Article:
Root Canal Therapy

What is a root canal?

Root canal treatment is one of the most common dental procedures performed, well over 14 million every year. This simple treatment can save your natural teeth and prevent the need of dental implants or bridges.

At the center of your tooth is pulp. Dental pulp is a specialized connective tissue that contains nerve fibers, fine blood vessels and cells. Inflammation and Infection of the pulp can be caused by trauma to the tooth, deep decay, cracks and chips, or repeated dental procedures. Common symptoms that are often indicative of pulpal inflammation are sensitivity to temperature, spontaneous throbbing pain and pain upon biting.

If you experience any of these symptoms, your dentist will most likely recommend non-surgical treatment to eliminate the diseased pulp. This injured pulp is removed and the root canal system is thoroughly cleaned and sealed. This therapy involves local anesthesia and may be completed in one or more visits depending on the treatment required. Success rate for this type of treatment depends on several factors and is generally very high. If your tooth is not amenable to endodontic treatment or the chance of success is unfavorable, you will be informed at the time of consultation or when a complication becomes evident during or after treatment. 

An example of a healthy tooth
Healthy Tooth
A tooth anatomy diagram highlighting pulp dentin and canal
Tooth Anatomy
A visual of tooth inflammation showing tooth decay and a inflamed pulp
A representation of a tooth with its canals cleaned
Cleaned Canals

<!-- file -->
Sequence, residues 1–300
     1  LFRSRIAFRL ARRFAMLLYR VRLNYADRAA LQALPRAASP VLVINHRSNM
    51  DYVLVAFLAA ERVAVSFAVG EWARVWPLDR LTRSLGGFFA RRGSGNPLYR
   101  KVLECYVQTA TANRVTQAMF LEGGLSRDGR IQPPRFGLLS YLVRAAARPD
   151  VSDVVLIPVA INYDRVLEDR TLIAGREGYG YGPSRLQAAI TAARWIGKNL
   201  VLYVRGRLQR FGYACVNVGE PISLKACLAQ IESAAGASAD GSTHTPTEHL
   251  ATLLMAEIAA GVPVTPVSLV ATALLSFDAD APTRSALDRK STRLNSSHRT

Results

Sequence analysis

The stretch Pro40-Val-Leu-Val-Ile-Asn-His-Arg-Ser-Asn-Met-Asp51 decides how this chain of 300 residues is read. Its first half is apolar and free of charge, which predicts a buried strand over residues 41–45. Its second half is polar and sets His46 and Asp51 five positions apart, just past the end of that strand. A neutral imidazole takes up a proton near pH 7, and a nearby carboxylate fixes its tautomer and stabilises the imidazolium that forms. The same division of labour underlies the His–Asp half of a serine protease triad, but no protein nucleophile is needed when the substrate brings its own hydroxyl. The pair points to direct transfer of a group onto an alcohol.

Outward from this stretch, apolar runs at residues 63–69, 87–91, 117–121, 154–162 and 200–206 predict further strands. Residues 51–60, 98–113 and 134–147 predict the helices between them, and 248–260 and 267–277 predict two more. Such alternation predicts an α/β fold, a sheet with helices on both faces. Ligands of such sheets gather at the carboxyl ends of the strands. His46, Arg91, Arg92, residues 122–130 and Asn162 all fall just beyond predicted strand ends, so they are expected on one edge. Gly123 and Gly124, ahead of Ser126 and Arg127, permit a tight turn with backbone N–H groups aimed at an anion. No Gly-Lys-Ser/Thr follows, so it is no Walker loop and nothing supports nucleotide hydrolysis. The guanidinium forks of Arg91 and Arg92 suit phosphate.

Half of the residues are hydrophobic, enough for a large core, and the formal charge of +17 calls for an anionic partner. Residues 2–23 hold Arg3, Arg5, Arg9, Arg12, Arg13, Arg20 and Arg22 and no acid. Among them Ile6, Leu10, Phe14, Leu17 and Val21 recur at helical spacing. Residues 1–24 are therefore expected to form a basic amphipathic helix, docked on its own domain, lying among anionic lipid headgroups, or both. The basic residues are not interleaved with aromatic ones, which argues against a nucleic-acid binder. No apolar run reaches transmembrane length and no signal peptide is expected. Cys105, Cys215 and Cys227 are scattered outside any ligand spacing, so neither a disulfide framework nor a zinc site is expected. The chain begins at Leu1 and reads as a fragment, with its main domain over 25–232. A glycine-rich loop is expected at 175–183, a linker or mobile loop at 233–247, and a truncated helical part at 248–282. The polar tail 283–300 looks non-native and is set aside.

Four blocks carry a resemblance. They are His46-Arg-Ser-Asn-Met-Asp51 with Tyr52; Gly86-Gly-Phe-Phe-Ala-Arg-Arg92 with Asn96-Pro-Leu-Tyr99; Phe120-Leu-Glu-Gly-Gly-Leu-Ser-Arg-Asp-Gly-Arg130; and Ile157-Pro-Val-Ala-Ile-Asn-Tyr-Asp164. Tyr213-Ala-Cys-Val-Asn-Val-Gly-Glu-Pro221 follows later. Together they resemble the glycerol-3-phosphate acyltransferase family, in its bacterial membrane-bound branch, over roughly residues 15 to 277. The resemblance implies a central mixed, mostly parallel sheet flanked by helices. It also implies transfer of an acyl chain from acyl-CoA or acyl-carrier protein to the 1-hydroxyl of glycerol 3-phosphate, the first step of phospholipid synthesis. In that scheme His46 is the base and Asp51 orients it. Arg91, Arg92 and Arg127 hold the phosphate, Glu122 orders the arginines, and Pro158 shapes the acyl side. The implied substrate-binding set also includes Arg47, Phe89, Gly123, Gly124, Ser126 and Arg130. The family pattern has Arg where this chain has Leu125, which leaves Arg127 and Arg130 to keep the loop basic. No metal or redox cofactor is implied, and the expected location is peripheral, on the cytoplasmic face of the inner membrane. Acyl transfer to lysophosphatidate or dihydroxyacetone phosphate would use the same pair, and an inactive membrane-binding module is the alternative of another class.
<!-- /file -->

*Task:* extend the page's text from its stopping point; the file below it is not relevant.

An illustration of root canal filling of a tooth
Filling Placed
An example of a tooth healed by root canal therapy
Healed Tooth

What happens after treatment?

Endodontic treatment has now been completed. The root canal system has been permanently sealed. However, the outer surface might be sealed with a temporary restoration per your general dentist’s request. A permanent restoration must be placed to protect your tooth against fracture and decay. Please telephone your restorative dentist for an appointment. In some cases, where applicable, we will place the final restoration or perform the bonded build up procedure and make the tooth ready for a crown which will be done by your dentist. Occasionally a post is required to retain the core build up material in the tooth. Your restorative dentist will determine the appropriate restoration to best protect your tooth. A complete report of treatment will be sent to your restorative dentist. Recall appointments are required to evaluate the progress of healing. You can make the first appointment for the follow up exam at the completion of your endodontic treatment or our office will contact you in six months.

How much will it cost?

The cost associated with this procedure can vary depending on factors such as the severity of damage to the affected tooth and which tooth is affected. In general, endodontic treatment is much less expensive than tooth removal and replacement with an artificial tooth.